Homosexual acts are illegal in all of the Comoros, regardless of age. The Penal Code provides a punishment of up to five years imprisonment, and a fine of 50,000 to 1,000,000 Comoran francs (USD 166 to 3,333) for acts that are “indecent or against nature with an individual of the same sex”. As the penal codes of Madagascar and Comoros share a common ancestor in French law, the wording is nearly identical – except that the Comoran version omits any reference to age.
The Union of the Comoros is an archipelago island nation in the Indian Ocean, located off the eastern coast of Africa. Countries near to the Comoros are Tanzania to the northwest and the Seychelles to the northeast. It consists of the four islands.
The country has had a history marked by numerous coups d’états since independence in 1974. As of 2008 about half the population lives below the international poverty line of US$1.25 a day–one of the world’s poorest countries.
Comoros is mostly a Muslim country so both male and female same-sexual acts considered to be against nature are illegal in Comoros. Such acts are punished with up to five years imprisonment and a fine of 50,000 to 1,000,000 francs. The age of consent is thirteen. LGBT people engaging in same-sex activity do not publicly discuss their sexual orientation due to societal pressure. There are no lesbian, gay, bisexual, and transgender organizations in the country.
Homosexuality is Illegal
Note that same-sex activity between consenting adults is criminalized by article 318 of the Penal Code of the Comoros. The UN Human Rights Committee has confirmed that such laws violate the rights to both privacy and non-discrimination, contrary to articles 17(1) and 26 of the International Covenant on Civil and Political Rights. The Committee further considered that these laws “run counter to the implementation of effective education programs in respect of HIV/AIDS prevention” by driving marginalized communities underground.
Note that the High Commissioner for Human Rights, Ms. Pillay, has recently called on federal States to decriminalize sexual relations between consenting adults of the same sex, in accordance with international human rights law.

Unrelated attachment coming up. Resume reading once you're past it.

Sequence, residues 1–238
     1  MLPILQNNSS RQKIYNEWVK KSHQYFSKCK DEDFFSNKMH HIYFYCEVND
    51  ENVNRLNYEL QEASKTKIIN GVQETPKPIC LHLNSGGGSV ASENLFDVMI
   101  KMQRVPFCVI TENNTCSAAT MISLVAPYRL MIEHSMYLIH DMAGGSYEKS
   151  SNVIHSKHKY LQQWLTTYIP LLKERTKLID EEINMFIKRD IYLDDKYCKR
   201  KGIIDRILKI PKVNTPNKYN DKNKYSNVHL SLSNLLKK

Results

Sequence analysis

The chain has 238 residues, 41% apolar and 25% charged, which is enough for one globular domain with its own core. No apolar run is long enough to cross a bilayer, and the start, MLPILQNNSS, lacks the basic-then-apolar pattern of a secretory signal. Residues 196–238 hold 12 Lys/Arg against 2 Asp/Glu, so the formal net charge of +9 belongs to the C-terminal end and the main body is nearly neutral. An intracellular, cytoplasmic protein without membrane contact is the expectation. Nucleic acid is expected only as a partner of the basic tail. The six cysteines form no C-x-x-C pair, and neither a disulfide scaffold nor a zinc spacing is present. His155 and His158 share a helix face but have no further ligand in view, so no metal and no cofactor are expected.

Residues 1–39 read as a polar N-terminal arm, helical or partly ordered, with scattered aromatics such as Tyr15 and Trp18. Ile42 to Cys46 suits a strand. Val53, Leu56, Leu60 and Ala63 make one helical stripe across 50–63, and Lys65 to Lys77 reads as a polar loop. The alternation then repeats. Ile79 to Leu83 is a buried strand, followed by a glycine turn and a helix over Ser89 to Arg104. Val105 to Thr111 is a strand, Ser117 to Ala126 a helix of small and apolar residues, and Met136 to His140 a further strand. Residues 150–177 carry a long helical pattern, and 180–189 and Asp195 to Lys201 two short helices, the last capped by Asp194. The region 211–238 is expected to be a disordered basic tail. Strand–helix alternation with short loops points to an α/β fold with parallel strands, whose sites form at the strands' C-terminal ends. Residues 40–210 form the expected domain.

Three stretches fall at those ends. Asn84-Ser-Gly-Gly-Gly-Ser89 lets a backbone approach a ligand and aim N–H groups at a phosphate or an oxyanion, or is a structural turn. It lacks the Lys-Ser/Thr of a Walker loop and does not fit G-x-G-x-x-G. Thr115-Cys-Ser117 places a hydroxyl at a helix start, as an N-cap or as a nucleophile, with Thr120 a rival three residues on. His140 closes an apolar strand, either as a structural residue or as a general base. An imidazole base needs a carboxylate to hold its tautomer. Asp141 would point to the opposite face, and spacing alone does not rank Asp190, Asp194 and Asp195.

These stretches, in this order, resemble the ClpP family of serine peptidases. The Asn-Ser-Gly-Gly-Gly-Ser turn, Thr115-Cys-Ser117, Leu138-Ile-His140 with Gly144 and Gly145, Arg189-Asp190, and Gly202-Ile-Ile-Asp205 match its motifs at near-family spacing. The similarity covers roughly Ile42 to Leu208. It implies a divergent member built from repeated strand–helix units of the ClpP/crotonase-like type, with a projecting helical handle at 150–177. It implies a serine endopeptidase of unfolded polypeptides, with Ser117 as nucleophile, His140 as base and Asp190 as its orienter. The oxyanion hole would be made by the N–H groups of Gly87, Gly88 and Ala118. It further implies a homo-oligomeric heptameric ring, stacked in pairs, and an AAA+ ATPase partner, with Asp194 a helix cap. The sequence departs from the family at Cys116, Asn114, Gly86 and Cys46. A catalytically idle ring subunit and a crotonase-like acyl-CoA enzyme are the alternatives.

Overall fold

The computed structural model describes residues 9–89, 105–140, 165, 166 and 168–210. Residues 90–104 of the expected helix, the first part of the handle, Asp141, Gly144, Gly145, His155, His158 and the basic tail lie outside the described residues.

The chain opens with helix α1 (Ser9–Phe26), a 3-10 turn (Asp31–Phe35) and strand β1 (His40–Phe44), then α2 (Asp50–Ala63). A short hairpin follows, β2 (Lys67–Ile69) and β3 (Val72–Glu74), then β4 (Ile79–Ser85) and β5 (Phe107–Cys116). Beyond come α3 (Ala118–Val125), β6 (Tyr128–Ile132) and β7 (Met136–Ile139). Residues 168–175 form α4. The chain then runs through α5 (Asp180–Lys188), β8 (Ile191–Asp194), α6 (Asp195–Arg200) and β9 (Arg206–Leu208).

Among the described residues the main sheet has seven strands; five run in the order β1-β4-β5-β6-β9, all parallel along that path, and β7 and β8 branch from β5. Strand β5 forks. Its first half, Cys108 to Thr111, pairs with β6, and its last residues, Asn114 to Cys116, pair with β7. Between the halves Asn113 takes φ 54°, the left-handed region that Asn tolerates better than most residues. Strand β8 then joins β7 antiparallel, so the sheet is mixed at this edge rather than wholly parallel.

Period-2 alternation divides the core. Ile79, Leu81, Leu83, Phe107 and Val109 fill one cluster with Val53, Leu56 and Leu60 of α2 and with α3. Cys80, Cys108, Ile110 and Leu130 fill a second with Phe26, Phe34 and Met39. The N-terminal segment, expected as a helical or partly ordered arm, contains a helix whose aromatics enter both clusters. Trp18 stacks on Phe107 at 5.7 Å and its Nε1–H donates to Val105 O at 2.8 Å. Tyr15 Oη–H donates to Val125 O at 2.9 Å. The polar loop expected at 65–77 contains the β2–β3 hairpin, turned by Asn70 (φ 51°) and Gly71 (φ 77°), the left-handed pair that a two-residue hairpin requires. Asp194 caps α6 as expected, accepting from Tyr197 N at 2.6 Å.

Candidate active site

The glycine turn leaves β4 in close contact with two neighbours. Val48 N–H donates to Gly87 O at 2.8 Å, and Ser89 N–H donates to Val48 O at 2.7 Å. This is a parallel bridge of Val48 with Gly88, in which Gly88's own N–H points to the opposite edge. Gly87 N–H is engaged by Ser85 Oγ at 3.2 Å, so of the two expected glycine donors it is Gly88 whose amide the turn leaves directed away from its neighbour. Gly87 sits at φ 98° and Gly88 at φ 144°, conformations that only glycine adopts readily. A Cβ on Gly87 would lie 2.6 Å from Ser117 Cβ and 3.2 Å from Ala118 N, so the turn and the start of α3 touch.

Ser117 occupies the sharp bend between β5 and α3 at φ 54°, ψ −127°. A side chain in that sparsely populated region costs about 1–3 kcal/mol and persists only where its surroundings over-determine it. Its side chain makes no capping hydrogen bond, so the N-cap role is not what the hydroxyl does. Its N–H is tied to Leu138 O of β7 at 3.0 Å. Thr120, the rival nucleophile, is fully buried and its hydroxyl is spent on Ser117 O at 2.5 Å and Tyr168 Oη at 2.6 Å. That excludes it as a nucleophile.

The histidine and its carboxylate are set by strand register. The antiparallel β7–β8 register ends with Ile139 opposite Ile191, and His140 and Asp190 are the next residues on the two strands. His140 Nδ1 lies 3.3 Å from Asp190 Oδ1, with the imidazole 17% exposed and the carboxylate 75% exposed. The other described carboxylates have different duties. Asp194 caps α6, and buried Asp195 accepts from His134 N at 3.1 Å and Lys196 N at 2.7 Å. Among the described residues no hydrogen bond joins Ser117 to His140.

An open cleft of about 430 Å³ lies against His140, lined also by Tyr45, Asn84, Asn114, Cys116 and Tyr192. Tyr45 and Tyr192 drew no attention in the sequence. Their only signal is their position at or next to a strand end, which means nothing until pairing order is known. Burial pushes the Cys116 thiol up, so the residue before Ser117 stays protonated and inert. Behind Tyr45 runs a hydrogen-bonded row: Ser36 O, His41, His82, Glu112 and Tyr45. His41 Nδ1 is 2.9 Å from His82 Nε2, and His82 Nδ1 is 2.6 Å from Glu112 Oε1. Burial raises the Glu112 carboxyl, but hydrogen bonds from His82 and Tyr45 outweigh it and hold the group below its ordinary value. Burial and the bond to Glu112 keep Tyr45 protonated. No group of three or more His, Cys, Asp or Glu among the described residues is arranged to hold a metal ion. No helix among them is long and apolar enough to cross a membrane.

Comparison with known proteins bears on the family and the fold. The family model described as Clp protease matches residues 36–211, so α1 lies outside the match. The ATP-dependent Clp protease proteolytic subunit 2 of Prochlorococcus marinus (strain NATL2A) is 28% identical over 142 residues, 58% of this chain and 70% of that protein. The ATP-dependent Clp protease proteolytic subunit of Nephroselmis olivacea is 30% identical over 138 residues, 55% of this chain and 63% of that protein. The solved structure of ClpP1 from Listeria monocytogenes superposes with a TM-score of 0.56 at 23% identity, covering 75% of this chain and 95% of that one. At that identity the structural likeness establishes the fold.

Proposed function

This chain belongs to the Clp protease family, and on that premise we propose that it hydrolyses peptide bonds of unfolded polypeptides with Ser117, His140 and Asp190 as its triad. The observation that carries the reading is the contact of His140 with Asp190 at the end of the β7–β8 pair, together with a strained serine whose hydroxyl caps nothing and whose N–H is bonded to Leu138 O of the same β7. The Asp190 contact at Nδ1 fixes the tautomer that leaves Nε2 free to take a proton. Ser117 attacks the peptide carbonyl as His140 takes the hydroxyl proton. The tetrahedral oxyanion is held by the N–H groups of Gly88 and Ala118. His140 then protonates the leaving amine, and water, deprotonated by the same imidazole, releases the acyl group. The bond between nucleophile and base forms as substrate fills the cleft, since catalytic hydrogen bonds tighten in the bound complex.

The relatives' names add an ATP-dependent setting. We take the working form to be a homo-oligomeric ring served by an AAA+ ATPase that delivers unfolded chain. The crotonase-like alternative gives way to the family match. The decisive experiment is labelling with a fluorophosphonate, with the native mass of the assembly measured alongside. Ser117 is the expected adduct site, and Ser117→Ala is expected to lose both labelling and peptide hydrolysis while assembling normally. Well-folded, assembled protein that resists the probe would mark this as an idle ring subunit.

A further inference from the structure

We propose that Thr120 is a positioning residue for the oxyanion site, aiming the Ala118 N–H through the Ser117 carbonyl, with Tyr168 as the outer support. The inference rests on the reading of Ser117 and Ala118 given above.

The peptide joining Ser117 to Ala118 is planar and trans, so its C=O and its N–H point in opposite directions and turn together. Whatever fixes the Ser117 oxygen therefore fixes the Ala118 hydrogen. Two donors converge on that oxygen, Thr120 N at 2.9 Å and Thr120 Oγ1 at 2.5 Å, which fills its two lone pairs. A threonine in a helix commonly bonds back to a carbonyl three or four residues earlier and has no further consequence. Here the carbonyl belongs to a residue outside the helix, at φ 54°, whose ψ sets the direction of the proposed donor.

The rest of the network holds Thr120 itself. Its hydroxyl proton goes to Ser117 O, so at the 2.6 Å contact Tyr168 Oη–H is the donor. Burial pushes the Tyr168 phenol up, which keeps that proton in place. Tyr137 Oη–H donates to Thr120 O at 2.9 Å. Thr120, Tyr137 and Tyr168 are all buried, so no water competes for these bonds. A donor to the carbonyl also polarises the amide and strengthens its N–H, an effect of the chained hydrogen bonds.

She recommends that the Comoros bring its Penal Code into conformity with its international human rights obligations by repealing those provisions which criminalize same-sex activity between consenting adults.
Mayotte is Different
However, one of these four islands of the Comoros, Mayotte, voted against independence from France in 1974 and has vetoed United Nations Security Council resolutions that would affirm Comorian sovereignty over the island. In March 2009 a referendum on Mayotte’s becoming an overseas department of France in 2011 was passed overwhelmingly by the people of Mayotte, so politically the Comoros is divided into two governing spheres. Mayotte is geographically part of the Comoro Islands, but remains under French rule. In a 2009 referendum, the population overwhelmingly approved accession to status of department and on March 31, 2011, Mayotte became an overseas department.
It is unclear what the situation for homosexuals is in Mayotte. Approximately 60% of the Mahorese population is under 20 years of age, 99% are Muslims. Even though French law (“droit pénal”) applies–which would make homosexuality legal and protected–it coexists with traditional Comorian Islamic laws.
Although Comoros is one of the poorest countries in the world, Mayotte, only 70km away, is part of the European Union (EU) and is rich. With the economic disparity between the two islands widening, an increasing number of impoverished Comoran migrants are braving the ocean swells in search of a better life.